More Truth About Happiness
After writing last week's post I have heard some interesting views and opinions that challenge the meaning and value of happiness. This information led me to conduct some further research on the topic and I would like to share the insights that I have gained through my quest for greater understanding.
My CBT instructor shared a viewpoint about happiness that describes it as a shallow and selfish pursuit that does not contribute in any way to creating a better world. My perception is that he sees happiness as an inward focused, almost narcissistic phenomenon. Call it navel-gazing, if you will. I would like to posit my response to his comments in this blog post and clarify my own views about happiness.
First of all, I totally agree that if happiness is defined as a form of shallow and selfish navel gazing, it is not something to be sought after. Nobody wants to be perceived as frivolous and inconsequential. However, this is not how I portrayed happiness in my last post. I would like to repeat the definition that was given by Lyubomirsky: "the experience of joy, contentment or well-being, combined with a sense that one's life is good, meaningful and worthwhile." This explanation points more to a sense of fulfillment than a hollow, trivial emotion.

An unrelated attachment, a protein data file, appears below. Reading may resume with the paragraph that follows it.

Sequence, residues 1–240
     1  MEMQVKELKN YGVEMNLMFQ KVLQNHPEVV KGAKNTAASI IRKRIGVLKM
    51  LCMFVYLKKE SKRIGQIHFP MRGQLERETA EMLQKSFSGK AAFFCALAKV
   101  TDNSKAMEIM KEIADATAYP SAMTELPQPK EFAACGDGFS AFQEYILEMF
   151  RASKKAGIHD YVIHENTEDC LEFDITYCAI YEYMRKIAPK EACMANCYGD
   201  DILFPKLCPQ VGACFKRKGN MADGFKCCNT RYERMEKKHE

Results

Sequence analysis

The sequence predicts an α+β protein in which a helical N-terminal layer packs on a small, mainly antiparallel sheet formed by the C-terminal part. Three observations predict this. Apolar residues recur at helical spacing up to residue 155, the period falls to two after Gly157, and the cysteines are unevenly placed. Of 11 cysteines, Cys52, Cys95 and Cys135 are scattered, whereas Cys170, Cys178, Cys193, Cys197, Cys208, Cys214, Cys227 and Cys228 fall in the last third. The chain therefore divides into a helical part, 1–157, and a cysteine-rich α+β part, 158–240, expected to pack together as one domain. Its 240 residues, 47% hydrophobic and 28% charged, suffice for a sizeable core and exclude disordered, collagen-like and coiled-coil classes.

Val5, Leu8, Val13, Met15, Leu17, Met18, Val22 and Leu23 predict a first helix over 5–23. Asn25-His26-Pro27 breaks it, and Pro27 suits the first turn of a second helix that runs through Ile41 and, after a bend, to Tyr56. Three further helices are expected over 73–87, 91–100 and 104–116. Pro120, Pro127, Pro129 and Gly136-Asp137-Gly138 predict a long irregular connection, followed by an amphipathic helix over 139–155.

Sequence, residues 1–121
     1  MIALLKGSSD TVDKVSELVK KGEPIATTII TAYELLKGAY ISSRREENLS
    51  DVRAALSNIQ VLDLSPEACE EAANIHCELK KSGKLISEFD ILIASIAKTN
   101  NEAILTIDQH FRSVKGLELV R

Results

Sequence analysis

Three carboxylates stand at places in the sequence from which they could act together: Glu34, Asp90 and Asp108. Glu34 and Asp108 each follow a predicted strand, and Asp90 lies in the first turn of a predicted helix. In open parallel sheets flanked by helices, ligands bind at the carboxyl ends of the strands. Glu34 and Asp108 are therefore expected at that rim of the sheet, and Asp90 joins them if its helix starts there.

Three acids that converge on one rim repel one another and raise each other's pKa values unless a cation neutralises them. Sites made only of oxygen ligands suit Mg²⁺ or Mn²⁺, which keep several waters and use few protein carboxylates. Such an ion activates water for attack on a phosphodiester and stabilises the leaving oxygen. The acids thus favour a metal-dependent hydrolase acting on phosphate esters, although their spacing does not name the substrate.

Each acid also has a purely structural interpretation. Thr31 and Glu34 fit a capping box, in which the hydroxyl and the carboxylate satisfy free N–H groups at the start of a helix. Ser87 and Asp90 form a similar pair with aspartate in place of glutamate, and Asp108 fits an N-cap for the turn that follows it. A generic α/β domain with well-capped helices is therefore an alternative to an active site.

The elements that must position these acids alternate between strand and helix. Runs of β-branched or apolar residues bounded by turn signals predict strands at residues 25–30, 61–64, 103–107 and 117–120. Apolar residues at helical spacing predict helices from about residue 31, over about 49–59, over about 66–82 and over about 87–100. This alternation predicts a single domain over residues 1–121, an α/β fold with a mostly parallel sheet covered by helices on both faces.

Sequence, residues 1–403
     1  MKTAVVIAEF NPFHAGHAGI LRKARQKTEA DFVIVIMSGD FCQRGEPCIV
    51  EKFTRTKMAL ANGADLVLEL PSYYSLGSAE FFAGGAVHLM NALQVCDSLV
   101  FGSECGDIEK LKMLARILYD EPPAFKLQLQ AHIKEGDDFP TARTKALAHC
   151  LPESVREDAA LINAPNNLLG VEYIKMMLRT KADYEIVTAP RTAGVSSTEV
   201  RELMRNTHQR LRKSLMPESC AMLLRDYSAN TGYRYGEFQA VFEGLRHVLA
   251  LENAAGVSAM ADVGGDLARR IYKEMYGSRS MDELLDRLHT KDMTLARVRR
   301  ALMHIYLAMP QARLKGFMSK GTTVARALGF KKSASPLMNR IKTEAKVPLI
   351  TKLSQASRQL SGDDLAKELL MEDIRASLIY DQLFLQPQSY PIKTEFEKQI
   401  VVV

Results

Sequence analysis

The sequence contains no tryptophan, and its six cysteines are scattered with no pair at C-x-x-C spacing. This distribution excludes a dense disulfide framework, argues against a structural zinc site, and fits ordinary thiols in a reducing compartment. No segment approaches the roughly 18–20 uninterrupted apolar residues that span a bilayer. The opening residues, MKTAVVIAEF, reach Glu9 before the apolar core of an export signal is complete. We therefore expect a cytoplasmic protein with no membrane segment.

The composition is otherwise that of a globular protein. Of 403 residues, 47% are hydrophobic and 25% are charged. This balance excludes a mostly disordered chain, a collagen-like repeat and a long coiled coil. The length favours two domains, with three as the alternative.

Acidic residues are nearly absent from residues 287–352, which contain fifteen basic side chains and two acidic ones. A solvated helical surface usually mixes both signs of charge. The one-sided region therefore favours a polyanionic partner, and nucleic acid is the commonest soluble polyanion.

In my research on the meaning of happiness, I came across an interesting Greek word that was part of ancient philosophy dating back to the times of Plato and Aristotle. The word is eudaimonia. The meaning of eudaimonia is 'happiness' or 'welfare'; however, more accurate translations have been proposed to be 'human flourishing, prosperity' and 'blessedness'. Eudaimonia is not seen as a state of mind but rather an activity and the achievement of a “complete life”.
Seeing happiness as achieving a "complete life", definitely legitimizes it as a goal to pursue and attain. I don't believe that this broader definition of happiness would be viewed as a barrier even for my CBT instructor and others who view it as selfish and shallow.
Perhaps exploring what would constitute a "complete life" could be the focus of a future blog post. I would welcome your comments on this question, and together, we can come up with some satisfactory definitions and strategies for achieving a complete life. I look forward to hearing your input!